I deleted everything.
I’m an avid hobbyist photographer and I happen to live in one of the most beautiful cities in the world. Needless to say, I take a lot of pictures. Recently I upgraded the drive in my home desktop from a slow HDD to 256G SSD. My workflow is like this: I take pictures, I copy the RAW files from my SD Card to my 1.5TB external drive and then copy the ones that aren’t blurry or terrible to my local hard drive for editing and the best ones that are edited get promoted to Flickr. The SSD would make this a lot easier and faster because RAW image files tend to be relatively huge and time consuming to process.
I added the new SSD, installed Tumbleweed, copied my personal files from the old disk to the new one and then deleted the files on the old disk. I had plans to use it for another project. Except one thing; I was in the wrong directory when I deleted everything. All 400GB of pictures were gone. I immediately stopped everything because I knew that deleting files doesn’t actually remove them from the disk. It simply makes them able to be rewritten and I didn’t want to risk that happening.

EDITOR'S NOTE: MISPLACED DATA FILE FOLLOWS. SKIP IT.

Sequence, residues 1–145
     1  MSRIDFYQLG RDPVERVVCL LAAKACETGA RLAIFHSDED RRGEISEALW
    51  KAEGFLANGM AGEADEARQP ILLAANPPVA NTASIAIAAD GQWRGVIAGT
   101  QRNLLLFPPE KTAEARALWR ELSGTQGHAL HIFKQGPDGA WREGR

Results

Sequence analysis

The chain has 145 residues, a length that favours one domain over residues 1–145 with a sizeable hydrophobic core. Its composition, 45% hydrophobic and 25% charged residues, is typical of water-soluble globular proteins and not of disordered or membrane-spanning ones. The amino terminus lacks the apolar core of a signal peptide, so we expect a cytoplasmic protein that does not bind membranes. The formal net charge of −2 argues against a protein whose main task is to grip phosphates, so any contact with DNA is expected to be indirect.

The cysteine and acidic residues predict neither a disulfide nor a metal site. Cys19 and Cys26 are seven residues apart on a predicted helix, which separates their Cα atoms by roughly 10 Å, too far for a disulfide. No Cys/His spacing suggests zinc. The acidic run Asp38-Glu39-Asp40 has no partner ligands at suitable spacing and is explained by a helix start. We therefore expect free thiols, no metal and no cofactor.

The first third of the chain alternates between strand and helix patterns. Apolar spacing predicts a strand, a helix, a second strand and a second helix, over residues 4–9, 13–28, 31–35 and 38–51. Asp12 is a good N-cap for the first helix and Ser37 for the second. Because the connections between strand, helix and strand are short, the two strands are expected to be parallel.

How I recovered.
OpenSUSE Leap and Tumbleweed have an application called QPhotoRec that saved me.
I loaded the application with the gnomesu command as it needs root access to run:
gnomesu -c qphotorec
From here I was able to choose my disk, the kind of filesystem that I was using and where I wanted the files to be restored to and then I let it run. It’s not a fast process. It took around 8 hours to restore my 400GB and even then there was two thing that I wasn’t able to restore; the filenames and their directories. All of my files had their correct extensions but they were missing the filenames that they originally had and the directories they were in. Also, files inside of other files such as .iso or .tar files were also recovered including thumbnail photos that were stored in other files. QPhotoRec tries to make educated guesses about what is and is not a file and recovered everything but it’s not perfect. My job then was to reorganize my files into some semblance of how they were previously but at least they were there again.
Mistakes happen and hardware breaks. Files get deleted, sometimes important files. The best way to proceed is to always to keep backups (all of my most important files are encrypted and on a remote server) but when disaster happens through human error or otherwise, it’s good to know that there are options.